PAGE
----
MAX 2009 Conference Report

 
Nov 23, 2009

by Lisa Heselton

Another year, and another Adobe MAX has come and gone. This year's event took place in Los Angeles from October 5-7; a bit earlier in the year than previous events, but full of great information and training as always. While MAX really is an event to be experienced, the majority of the sessions (as well as both of the keynotes) are available online for those who weren't able to attend (or who'd like to relive those magical moments again).

MAX: Day One Keynote Highlights

After an introduction featuring dancers from the Black Eyed Peas Peapod Youth Academy (who have a partnership with the Adobe Foundation), Adobe's CEO Shantanu Narayen gave a brief welcome and introduction to the crowd before bringing out Kevin Lynch, Adobe's CTO. The keynote covered:

Flash Player 10.1: Smartphone enabled; allows multi-touch, accelerometer awareness, screen orientation, lower power consumption, hardware acceleration, memory optimization (automatic memory reduction), HTTP video streaming, content protection, and peer-assisted networking (client-to-client communication). Demos of several next-gen smartphones were shown, even showing Adobe Connect running on a mystery Android device.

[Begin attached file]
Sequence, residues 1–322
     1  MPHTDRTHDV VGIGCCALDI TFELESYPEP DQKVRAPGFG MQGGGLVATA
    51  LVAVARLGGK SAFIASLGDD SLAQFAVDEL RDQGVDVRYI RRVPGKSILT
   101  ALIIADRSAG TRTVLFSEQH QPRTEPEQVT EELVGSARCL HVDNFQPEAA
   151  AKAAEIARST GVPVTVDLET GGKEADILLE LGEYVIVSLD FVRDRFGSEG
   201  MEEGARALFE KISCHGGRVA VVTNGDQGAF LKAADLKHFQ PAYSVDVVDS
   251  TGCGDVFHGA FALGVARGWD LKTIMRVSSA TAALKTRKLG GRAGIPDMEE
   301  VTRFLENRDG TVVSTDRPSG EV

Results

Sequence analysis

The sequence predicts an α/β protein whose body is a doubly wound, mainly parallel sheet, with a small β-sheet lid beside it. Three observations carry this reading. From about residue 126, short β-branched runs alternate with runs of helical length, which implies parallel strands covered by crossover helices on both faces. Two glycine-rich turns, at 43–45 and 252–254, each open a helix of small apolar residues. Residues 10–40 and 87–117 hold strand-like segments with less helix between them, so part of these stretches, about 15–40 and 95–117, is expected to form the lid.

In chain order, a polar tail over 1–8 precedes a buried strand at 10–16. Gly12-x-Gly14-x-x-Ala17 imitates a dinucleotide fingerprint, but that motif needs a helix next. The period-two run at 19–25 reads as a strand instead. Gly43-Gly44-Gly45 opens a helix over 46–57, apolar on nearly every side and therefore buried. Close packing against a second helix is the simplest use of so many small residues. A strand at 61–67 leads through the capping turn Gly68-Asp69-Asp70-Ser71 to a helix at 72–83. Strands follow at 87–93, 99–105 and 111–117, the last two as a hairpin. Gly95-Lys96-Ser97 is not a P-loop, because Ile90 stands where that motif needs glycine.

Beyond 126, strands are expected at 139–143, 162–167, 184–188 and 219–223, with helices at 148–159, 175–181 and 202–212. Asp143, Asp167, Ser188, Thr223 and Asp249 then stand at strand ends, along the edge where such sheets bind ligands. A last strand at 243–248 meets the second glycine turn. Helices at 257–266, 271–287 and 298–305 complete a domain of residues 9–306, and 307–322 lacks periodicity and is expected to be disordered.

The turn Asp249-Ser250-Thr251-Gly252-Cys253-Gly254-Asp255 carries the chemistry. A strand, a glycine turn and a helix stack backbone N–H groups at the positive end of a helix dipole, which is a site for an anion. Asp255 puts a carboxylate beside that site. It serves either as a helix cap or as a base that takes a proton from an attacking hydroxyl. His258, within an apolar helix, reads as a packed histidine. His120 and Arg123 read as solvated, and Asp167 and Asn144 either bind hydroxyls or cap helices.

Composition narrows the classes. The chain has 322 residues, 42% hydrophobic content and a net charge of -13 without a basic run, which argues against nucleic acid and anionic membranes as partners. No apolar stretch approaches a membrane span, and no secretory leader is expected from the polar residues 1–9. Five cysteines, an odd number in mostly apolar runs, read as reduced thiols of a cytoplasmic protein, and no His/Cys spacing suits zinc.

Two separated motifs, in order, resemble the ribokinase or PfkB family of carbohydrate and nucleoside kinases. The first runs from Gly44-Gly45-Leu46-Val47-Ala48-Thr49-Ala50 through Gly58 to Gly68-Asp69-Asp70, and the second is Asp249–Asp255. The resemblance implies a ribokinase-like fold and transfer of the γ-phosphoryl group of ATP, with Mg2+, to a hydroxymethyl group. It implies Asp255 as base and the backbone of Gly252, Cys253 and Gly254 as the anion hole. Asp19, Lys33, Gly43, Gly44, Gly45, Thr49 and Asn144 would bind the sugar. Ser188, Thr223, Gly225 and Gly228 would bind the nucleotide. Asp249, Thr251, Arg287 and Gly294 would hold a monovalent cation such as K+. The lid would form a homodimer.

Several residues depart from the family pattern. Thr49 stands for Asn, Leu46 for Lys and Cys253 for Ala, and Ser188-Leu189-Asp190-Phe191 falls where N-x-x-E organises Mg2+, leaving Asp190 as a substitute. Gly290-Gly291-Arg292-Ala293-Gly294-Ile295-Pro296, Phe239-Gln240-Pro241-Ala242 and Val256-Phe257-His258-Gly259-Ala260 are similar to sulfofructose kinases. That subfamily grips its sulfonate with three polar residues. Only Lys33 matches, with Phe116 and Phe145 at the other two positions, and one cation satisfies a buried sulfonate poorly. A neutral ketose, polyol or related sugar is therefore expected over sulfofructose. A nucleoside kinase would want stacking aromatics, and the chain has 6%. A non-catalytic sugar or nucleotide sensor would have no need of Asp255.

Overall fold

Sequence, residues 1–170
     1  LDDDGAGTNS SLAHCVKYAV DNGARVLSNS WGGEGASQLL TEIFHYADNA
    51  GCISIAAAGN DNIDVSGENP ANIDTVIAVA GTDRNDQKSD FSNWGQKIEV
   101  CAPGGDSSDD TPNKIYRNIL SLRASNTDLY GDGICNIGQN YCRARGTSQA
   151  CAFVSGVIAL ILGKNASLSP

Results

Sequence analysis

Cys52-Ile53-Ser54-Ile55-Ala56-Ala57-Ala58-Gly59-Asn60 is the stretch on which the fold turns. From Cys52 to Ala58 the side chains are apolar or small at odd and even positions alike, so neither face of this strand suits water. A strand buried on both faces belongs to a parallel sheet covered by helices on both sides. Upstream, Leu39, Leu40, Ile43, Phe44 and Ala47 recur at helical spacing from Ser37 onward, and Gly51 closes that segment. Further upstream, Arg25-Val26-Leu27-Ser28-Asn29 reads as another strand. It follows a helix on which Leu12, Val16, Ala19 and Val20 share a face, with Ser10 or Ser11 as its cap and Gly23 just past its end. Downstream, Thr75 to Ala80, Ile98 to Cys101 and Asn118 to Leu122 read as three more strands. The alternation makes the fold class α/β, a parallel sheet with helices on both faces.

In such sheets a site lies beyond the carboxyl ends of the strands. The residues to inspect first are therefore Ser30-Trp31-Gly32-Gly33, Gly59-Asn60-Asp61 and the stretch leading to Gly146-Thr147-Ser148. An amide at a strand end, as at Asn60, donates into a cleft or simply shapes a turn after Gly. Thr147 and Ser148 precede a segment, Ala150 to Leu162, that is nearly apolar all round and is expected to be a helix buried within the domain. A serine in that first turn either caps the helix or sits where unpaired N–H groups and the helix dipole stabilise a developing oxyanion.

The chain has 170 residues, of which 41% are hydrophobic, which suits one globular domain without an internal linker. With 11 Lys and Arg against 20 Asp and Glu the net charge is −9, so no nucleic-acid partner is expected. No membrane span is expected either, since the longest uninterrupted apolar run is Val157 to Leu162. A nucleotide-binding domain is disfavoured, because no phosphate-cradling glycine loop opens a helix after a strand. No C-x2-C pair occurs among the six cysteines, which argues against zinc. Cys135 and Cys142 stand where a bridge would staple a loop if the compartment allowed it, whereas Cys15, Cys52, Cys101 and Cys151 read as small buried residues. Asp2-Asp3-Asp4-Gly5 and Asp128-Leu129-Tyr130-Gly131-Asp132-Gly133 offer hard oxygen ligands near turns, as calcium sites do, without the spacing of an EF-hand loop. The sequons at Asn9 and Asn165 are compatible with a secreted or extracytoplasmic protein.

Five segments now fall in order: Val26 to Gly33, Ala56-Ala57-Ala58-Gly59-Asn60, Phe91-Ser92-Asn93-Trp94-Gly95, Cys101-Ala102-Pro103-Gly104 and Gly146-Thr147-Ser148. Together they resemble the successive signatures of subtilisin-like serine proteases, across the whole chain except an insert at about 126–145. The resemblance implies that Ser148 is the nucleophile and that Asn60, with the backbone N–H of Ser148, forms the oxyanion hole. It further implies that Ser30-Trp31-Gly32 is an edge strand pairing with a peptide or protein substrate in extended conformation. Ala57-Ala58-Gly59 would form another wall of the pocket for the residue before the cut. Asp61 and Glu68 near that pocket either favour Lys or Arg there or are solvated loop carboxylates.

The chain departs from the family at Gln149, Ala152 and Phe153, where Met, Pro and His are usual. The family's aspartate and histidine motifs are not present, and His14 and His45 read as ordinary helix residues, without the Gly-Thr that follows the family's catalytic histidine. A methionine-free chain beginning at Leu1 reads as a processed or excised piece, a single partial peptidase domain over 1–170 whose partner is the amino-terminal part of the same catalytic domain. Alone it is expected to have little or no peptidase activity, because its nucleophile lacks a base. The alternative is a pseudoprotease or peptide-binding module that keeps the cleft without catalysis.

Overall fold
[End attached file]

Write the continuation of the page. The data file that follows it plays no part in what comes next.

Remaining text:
Open Screen Project (OSP): new partners include RIM (Flash on the Blackberry) and Google.

Netbooks and TVs (set-top boxes): I was surprised at the lack of focus on alternative platforms; previously, Adobe had been making big splashes in the consumer electronics space with Flash screens on digital cameras and other devices, and with some of the recent progress on gaming consoles and cable boxes, a new announcement in this space seemed likely. Keep an eye on the 'streaming Flash video on television' space, but for now, all that was shown was processor improvements and Flash Player 10.1 performance improvements.

AIR 2.0: Some highlights of the AIR release include native process API, the ability to detect mass storage devices (such as flash drives, cameras, etc.), accessibility enhancements, native code integration, improved networking APIs (including UDP, IPv6, and more), document handling (i.e., ability to open a document with its default app), local microphone support and audio recording, multi-touch/gesture support, performance enhancements, a global error handler, and improved socket support. AIR 2.0 is expected to be on Labs by the end of the year, with the final version expected to ship in the first half of 2010. Kevin Lynch stated that the plan is to get AIR onto smartphones and other devices, so that "you'll be able to build an app once and have it work across a variety of devices."

If you blinked, you might have missed the mention of ColdFusion 9. While it was mentioned that the ColdFusion developer community has tripled in the past four years (to over 3/4 million strong), there was not nearly as much time devoted to ColdFusion as would be expected given that it was one of the few product launch announcements at the event. It was mentioned that with (currently beta) Flash Builder and ColdFusion Builder, you could combine the two to create great Web applications. Ben Forta focused his presentation on the LiveCycle products, so there was no ColdFusion dog-and-pony show at all this year.